Don't forget an offering made of chicken. One, maybe two supermarket roasted birds, picked clean, can be fashioned into enough chicken salad to feed a crowd.

Good old egg salad on toast rounds and deviled eggs are also familiar but comforting finger food.

And don't forget to include something sweet. Christmas cookies are always welcome, almost a command performance in some homes. I'm recommending chocolate shortbread wedges as a new addition to the dessert tray this year.

All of which brings me back to the stalwart Ingalls family, whose spirit in tough times is uplifting for those of us who encountered them in childhood.

Remember when Ma Ingalls held onto the clothesline in a blizzard to get to the barn to milk the cows and gather eggs to sustain the family? And all of the times when Pa hunted, caught, skinned and butchered their entree?

All so commendable and inspiring, and I am encouraged by their good example. To a point. I'm heading for the deli counter for logs of salami, which do not try to escape.

Marinated Feta and Olive Skewers

Makes 24 skewers

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2 teaspoons fennel seeds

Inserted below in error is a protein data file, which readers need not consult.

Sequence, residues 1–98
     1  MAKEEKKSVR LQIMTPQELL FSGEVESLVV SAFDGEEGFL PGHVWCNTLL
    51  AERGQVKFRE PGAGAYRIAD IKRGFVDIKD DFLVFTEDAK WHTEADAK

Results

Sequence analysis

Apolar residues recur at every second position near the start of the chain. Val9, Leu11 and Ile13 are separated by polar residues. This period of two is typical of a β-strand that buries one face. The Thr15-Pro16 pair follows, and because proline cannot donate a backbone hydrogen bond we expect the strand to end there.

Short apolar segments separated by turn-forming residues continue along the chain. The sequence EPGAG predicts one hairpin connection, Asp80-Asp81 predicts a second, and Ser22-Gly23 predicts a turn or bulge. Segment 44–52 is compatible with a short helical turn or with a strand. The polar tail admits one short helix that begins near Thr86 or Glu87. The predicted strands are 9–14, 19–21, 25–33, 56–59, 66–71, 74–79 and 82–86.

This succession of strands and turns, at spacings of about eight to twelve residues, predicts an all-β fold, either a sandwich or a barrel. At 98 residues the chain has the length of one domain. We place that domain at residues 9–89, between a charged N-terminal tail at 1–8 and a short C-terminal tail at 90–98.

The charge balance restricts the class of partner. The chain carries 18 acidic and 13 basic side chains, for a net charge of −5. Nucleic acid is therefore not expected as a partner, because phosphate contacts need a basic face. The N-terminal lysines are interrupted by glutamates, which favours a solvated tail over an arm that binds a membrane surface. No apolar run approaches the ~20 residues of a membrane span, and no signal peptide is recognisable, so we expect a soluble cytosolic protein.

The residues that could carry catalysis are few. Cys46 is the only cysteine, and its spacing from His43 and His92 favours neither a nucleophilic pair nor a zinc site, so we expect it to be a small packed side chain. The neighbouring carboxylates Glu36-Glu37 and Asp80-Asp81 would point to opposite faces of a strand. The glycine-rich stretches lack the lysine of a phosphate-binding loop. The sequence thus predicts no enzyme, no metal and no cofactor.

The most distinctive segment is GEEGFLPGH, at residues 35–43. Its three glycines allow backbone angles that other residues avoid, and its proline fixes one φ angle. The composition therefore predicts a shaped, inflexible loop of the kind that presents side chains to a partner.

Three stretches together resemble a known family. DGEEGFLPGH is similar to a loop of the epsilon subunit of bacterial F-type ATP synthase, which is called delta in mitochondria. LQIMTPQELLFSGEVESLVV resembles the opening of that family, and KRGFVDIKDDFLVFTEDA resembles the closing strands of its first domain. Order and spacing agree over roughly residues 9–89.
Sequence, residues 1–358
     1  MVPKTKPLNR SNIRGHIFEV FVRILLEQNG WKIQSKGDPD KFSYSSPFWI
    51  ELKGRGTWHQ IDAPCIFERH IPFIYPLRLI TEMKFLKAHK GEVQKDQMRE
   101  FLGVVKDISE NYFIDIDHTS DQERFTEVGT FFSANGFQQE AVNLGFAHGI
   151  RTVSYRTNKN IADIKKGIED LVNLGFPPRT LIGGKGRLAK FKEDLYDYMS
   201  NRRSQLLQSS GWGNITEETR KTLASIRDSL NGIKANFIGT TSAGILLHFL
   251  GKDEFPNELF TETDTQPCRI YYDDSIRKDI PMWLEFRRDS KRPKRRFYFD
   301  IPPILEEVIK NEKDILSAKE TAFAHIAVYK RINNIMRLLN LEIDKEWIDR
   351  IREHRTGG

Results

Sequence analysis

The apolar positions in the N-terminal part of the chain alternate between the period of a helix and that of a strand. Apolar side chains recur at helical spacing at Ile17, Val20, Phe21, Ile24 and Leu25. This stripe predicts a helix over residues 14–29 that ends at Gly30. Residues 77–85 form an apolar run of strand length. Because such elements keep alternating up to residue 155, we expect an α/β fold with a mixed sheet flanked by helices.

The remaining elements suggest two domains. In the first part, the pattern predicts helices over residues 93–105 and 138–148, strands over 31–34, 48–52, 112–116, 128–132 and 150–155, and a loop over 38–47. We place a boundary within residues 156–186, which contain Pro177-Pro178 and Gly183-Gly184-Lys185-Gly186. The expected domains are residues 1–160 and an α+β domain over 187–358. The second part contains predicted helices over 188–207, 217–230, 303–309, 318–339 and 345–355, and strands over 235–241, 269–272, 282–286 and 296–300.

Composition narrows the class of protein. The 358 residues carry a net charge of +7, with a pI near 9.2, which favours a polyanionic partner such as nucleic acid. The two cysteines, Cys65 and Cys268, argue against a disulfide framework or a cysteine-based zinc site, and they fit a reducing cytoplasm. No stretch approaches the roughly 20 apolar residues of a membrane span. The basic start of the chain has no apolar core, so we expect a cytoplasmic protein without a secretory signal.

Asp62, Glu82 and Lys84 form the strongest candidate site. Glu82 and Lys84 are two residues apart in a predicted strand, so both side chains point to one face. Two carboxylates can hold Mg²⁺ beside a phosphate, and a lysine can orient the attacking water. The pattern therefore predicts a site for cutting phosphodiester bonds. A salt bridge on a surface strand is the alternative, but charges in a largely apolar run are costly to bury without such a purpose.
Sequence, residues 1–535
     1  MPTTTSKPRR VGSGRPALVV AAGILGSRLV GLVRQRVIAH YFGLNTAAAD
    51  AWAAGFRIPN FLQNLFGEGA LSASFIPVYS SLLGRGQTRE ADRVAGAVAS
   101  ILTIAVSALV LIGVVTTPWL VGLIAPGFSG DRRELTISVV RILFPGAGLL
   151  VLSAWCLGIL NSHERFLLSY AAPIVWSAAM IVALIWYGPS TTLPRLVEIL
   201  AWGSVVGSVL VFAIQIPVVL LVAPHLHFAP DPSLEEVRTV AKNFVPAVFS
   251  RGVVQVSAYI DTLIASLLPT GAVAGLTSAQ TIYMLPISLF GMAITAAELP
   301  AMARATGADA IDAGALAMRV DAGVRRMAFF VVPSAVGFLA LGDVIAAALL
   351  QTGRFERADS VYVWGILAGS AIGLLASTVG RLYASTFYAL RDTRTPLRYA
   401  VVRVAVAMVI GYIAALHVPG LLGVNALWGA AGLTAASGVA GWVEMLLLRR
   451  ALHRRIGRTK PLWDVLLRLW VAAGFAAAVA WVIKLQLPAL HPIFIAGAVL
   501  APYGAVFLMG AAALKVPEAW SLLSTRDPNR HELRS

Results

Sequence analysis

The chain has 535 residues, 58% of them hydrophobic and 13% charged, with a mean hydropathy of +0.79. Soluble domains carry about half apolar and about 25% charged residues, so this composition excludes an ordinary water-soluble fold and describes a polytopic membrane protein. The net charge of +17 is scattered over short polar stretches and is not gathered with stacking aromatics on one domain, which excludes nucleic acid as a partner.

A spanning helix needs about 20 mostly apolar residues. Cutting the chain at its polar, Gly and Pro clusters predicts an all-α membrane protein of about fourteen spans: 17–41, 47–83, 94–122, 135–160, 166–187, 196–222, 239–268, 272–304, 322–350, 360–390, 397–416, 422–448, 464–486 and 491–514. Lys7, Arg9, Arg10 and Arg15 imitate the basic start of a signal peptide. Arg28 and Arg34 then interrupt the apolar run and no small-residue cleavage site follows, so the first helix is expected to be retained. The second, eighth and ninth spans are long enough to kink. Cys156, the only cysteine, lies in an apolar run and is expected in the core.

2 teaspoons finely grated orange zest

3 tablespoons orange juice

1 teaspoon cracked black peppercorns

4 ounces feta cheese, cut into 24 1/2-inch cubes

24 fresh mint leaves

12 pitted green olives, cut in half

1/4 large English cucumber (seeded, if desired), cut into ½-inch chunks

24 6-inch skewers

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1. In a medium bowl, combine the fennel seeds, orange zest and juice, and pepper. Gently stir in the feta and marinate for 1 hour at room temperature or up to 3 hours in the refrigerator.

2. To make the skewers, place a mint leaf about 3/4 inch up on the skewer, then add an olive half and a chunk of cucumber. Gently place a cube of the marinated feta on the end. These can be made several hours in advance and stored in the refrigerator until ready to serve. Allow to come to room temperature before serving.

- From The Food You Crave by Ellie Krieger (Taunton, 2008)

Per skewer: 17 calories, 1 gram protein, 1 gram carbohydrates, trace sugar, 1 gram fat, 4 milligrams cholesterol, 92 milligrams sodium, trace dietary fiber.

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Cranberry Chutney With Dried Figs

Makes 6 cups of chutney

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2 12-ounce packages fresh cranberries

2 oranges, washed, seeds removed, and chopped with peel left on

1/2 cup chopped red onion

4 tablespoons fresh ginger, julienned

2 sticks cinnamon, each 3 inches long, broken into halves

1 teaspoon salt

3 cups sugar

2 teaspoons cayenne pepper, or less to taste

2 teaspoons mustard powder

1/2 cup chopped pecans, walnuts or pistachios

1/2 cup quartered dried figs

1/4 cup dark raisins or currants